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Federal cuts threaten Fort Nelson Friendship Society

Did the Federal government "unfriend" B.C.

Did the Federal government "unfriend" B.C.'s Friendship Centres?

Ottawa turned the faucet off on the Fort Nelson Friendship Society's core funding in March, and Eric Ashdown, president of the Society, said the impact on the community could be drastic.

The decision has prompted some in this northern municipality to question whether the central government's new focus on "economic participation" was coming at the expense of community health.

"Any funding cuts mean we will have a more difficult time to provide the services that we do provide to the community, which are extensive and wide-reaching," Ashdown said. "It's going to be detrimental to the community, not only aboriginal people. We are a multicultural organization."

On Feb. 6, Aboriginal Affairs and Northern Development Canada said it would consolidate four programs (Young Canada Works for Aboriginal Urban Youth, Aboriginal Friendship Centre Program, Cultural Connections for Aboriginal Youth and Urban Aboriginal Strategy) into two, Urban Partnerships and Community Capacity Support. The changes went into effect March 31.

The government said funding "remains constant." However, the Society said that's not the case.

The funding cuts put the programs that are run out of the Fort Nelson Friendship Society in jeopardy, Ashdown said, "because if we can't keep this building open, where are they going to go? They're gone."

The changes to the funding structure, according to Aboriginal Affairs and Northern Development Canada, represent a "streamlined approach, which is focused on increasing the participation of urban aboriginal people in the economy."

The impact was felt immediately. Where a receptionist, bookkeeper and an executive director had been getting paid, now only the bookkeeper is getting compensated. The receptionist position has been eliminated.

The core funding from the Federal government partially paid for those three positions. The rest of their funding came from other sources, such as Northern Health and some provincial ministries. Only the funding from the Federal government is impacted, and Ashdown couldn't say what percentage of the overall budget was affected.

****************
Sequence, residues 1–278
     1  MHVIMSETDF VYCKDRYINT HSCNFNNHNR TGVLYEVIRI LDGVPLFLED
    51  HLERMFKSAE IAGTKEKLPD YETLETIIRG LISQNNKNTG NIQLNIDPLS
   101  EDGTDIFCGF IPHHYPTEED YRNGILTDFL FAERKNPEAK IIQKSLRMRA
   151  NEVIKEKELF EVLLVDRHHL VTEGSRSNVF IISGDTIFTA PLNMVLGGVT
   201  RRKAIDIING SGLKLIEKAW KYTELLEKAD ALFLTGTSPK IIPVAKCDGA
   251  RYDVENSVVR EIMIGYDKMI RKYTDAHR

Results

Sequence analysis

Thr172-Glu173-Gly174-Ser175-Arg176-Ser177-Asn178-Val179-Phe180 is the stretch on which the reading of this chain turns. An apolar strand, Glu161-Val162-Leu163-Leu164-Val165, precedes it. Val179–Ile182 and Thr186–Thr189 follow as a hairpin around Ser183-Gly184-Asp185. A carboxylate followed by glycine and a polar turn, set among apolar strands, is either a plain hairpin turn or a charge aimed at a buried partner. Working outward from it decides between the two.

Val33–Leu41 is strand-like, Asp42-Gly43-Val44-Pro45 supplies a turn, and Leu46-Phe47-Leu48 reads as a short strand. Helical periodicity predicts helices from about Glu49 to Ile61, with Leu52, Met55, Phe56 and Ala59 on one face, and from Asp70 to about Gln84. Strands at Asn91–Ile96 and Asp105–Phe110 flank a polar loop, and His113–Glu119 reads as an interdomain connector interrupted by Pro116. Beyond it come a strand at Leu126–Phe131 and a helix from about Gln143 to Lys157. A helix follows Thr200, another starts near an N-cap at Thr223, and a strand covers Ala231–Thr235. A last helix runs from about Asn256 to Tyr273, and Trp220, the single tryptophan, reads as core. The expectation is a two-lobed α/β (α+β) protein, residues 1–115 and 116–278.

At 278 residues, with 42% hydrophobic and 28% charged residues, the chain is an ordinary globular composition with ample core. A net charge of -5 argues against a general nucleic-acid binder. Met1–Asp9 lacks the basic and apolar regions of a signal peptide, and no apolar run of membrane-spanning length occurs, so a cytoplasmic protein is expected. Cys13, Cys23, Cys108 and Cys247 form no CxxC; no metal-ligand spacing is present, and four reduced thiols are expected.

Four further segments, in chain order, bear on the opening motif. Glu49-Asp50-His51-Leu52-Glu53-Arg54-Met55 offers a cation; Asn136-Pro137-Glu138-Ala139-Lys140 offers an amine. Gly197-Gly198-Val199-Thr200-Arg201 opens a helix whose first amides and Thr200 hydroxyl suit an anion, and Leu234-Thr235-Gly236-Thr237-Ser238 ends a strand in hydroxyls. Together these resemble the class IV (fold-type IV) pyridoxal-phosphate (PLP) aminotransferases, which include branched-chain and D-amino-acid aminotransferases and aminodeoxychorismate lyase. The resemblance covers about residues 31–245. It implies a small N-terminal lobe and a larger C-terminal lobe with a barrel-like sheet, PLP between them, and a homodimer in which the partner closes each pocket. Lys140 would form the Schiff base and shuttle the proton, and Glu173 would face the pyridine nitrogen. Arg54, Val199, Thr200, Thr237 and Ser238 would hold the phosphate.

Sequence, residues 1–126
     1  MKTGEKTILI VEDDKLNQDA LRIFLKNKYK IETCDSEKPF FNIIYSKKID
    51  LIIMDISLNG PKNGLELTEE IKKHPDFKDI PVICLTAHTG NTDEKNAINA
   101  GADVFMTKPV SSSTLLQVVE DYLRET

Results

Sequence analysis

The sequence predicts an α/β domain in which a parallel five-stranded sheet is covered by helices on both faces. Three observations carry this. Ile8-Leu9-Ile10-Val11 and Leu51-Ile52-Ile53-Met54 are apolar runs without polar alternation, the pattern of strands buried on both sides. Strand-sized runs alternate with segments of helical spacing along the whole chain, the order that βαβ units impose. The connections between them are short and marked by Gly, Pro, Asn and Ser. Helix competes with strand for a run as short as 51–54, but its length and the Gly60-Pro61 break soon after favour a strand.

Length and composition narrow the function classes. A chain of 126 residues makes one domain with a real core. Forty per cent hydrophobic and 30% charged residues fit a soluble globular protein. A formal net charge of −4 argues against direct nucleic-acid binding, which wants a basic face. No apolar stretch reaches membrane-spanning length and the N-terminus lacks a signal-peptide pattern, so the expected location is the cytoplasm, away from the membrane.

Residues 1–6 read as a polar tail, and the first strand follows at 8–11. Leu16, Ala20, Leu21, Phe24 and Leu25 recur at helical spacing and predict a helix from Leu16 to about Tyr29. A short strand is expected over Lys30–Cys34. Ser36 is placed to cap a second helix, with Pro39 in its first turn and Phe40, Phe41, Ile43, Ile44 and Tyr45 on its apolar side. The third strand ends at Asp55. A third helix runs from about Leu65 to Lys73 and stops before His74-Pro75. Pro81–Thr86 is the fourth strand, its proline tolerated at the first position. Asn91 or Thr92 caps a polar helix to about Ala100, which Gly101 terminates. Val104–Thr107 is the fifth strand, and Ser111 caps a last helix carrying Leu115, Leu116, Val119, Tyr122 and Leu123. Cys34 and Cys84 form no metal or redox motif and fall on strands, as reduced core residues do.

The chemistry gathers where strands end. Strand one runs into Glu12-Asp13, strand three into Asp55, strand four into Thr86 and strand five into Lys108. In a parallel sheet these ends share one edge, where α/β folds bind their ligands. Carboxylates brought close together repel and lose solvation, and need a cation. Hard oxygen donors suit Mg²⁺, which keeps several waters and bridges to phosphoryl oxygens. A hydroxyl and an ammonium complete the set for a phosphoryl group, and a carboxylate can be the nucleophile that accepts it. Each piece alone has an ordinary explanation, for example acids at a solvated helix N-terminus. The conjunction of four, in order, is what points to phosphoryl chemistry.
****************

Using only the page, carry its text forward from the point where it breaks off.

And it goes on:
"To date, we are seeing nothing," said Ashdown.

He added that there are indications that the Fort Nelson Friendship Society may be getting its historical funding reinstated. But so far that hasn't happened.

Services run out of the Fort Nelson Friendship Society include a mental health and addictions counsellor, a Stop the Violence counsellor, women's outreach services, HIV/AIDS outreach, the Women's Transition House, the Father Pollut homeless shelter, a youth centre and an Elders Program. It also operates a food bank.

"A lot of the programs that we're delivering are programs that the government used to deliver, but we're doing it now, so when they cut back the funding, I don't know what they're thinking," he said.

There are also implications for the burgeoning energy industry, Ashdown said.

"We get a lot of people who come out of the natural gas sector," said Ashdown. "There's people up here, and their families are at home, and they need to access our services on an ongoing basis.

"If it wasn't for us, there would be a lot more substance abuse problems, domestic violence, people without the necessities of life."

There are 26 Friendship Centres in B.C. In Fort Nelson, just over 20,000 people came through the doors for the local Friendship Society's programs in 2013.

"There are many success stories that have come out of the Friendship Centre," said Ashdown. "Because of our programs, many people who were a liability to the community and the province are now in the work force and are an asset and are making their own way, relieving the system of a huge financial burden."